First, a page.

– by Joseph Jammer Medina

Art Credit: JohnnyTHL

Art Credit: JohnnyTHL


With Empire’s blowout on BATMAN V SUPERMAN: DAWN OF JUSTICE flooding the net these last two days, there’s plenty of new intel to dig into. For this post, let’s take a look at some of producer Charles Roven’s comments about Ben Affleck’s Batman. We’ve heard it said before that this version of the character would be darker and more violent than any live-action take we’ve seen so far, and the producer adds some insight into the How and the Why he’s like this.

How will this take be different from the gritty, tormented version we got to know in Christopher Nolan’s THE DARK KNIGHT TRILOGY?

“He’s older, [and] he’s seen the worst of what man can do. He’s been darkened by it, he’s tougher, he’s angrier, I guess.”

That bit about seeing the “worst of what man can do” implies that this Batman is going to be deeply cynical. He’s seen the dark depths of what man is capable of, and his entire worldview may be shaped around this idea that, deep down, everyone is capable of being a monster. 

And, while the widely-known Batman mythology up this point is that he was- in essence- created by the murders of his parents, Roven says that the fact that we’re meeting him later on in his life means that those dark edges have become even more sharpened by the continued losses of his loved ones.

When asked if he’s lost a love interest, the way that Christian Bale’s Batman lost Rachel Dawes, Roven says that, while he hasn’t specifically lost a girlfriend, he has experienced other earth-shattering losses:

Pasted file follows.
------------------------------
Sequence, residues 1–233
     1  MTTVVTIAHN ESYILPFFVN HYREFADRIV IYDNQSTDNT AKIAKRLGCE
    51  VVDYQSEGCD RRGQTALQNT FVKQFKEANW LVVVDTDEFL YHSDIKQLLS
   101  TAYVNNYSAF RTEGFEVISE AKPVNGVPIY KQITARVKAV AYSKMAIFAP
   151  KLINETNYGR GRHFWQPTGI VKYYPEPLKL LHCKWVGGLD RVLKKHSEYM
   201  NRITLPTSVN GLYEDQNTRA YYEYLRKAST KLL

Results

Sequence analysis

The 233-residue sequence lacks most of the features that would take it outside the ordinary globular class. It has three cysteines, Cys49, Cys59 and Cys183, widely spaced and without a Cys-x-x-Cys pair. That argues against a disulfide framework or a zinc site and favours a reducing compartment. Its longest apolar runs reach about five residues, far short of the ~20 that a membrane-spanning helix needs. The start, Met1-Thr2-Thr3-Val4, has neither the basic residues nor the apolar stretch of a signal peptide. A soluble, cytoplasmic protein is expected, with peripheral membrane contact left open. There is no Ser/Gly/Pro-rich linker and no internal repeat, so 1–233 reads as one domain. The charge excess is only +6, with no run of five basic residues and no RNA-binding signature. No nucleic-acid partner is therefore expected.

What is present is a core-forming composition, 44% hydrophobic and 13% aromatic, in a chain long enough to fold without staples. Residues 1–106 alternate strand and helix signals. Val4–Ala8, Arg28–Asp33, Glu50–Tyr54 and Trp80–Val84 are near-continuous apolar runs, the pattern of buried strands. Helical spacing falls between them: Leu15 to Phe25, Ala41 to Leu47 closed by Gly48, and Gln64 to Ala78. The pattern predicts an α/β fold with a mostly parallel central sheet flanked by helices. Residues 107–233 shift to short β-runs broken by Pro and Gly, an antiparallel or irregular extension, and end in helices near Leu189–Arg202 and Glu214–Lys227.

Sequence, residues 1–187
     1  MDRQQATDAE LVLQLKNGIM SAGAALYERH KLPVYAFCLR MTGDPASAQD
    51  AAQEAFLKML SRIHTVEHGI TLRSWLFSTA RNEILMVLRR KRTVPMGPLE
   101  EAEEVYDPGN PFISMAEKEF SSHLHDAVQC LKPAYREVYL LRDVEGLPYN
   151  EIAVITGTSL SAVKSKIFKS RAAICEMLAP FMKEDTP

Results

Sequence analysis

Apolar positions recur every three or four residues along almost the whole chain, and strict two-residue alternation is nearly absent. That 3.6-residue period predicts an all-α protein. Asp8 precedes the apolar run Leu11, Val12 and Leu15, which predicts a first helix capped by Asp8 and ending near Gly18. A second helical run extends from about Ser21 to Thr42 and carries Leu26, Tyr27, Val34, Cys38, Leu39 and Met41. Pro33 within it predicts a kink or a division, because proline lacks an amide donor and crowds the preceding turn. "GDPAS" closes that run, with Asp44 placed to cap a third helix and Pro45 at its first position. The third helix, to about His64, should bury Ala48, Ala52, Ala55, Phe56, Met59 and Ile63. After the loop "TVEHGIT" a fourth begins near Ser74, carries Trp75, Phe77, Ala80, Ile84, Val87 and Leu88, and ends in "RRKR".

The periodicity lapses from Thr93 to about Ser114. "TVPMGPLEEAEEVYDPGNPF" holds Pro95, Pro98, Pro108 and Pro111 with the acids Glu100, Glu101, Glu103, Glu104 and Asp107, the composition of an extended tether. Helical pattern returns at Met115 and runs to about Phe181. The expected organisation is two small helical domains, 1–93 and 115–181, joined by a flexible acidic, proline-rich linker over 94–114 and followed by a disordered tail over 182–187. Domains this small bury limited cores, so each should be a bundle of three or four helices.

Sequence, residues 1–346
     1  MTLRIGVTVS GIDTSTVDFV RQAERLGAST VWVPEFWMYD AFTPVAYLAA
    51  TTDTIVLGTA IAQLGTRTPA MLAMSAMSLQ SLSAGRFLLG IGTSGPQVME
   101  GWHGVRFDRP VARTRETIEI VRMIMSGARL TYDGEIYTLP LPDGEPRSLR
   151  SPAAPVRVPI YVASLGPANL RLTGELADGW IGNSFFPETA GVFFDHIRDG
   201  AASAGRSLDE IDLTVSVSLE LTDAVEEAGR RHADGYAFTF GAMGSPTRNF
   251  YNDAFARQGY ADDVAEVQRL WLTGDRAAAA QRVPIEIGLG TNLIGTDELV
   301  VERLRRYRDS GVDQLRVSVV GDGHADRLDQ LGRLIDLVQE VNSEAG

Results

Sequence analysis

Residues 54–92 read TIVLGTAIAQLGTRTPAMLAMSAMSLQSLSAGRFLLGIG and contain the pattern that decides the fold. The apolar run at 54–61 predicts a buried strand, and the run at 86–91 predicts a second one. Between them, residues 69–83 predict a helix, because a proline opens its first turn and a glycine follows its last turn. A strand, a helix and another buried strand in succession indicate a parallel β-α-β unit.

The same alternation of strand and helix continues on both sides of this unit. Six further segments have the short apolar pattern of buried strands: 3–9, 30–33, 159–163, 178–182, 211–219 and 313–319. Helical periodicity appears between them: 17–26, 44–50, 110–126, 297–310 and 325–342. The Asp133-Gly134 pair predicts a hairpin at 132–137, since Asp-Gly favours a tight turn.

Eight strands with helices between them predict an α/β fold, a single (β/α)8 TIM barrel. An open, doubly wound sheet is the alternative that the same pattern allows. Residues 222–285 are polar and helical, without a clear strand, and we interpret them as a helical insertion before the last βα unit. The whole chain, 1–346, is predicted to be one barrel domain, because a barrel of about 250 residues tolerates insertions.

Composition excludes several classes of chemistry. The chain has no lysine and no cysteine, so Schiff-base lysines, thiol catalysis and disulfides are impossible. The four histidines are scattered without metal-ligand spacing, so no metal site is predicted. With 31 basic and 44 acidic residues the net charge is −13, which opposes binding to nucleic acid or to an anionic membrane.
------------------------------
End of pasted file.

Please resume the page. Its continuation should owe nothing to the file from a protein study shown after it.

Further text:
“He’s still lost those that are near and dear to him, and not necessarily from old age or disease.”

This answer points to the fact that Bruce Wayne has had to cope with the violent deaths of several people he loves, and it goes beyond the scope of his parents- which has always been the primary example used in films of what hurts him. But this time around, he could very well be reeling from the murders of James Gordon and/or Jason Todd. 

So what kind of a hero is Batman in DAWN OF JUSTICE

“[Batman] is not giving people a chance. He is more than a vigilante. He has become not only the cop, if you will, he has also become the jury and executioner.”

We’ve definitely seen evidence of this sort of sadistic behavior, with the glimpses of a bat-symbol branded onto the chest of a criminal seen in trailers. But “executioner“? Wow. That’s a description of Batman that wouldn’t fit any other cinematic version of the character we’ve seen so far. It sounds like his cynicism and jaded outlook may have even killed his trust of law enforcement, especially if it’s true that Gordon- “the one good cop in Gotham”- was killed, leaving him to dole out his own brand of justice.

This certainly sounds like an interesting, cerebral version of Batman- and it may help answer the question of “Why would Batman and Superman fight?” Many skeptical fans have pondered whether or not this question is answered in a satisfactory way. I’ve seen several columnists deride the concept, pointing to the fact that Batman is supposed to be a genius-level detective yet is somehow dumb enough to think Superman is a bad guy. But if Roven’s statements are true, and Wayne truly has lost whatever hope he had left for humanity, then he really would be blind to the idea that Superman means us no harm. He’d be too hell-bent on what would happen if Superman unleashed his inner monster. 

Likewise, Superman- who is inherently good and kind- would see Batman’s brand of violent justice as the work of a twisted vigilante who needs to be stopped.

Interesting stuff and, if handled right by director Zack Snyder and writer Chris Terrio, could make for a very compelling showdown between DC’s titans. 

What do you think of Roven’s comments? Does this help shed some light on who this Bruce Wayne/Batman is? 

Joseph Jammer Medina is an author, podcaster, and editor-in-chief of LRM. A graduate of Chapman University's Dodge College of Film and Television, Jammer's always had a craving for stories. From movies, television, and web content to books, anime, and manga, he's always been something of a story junkie.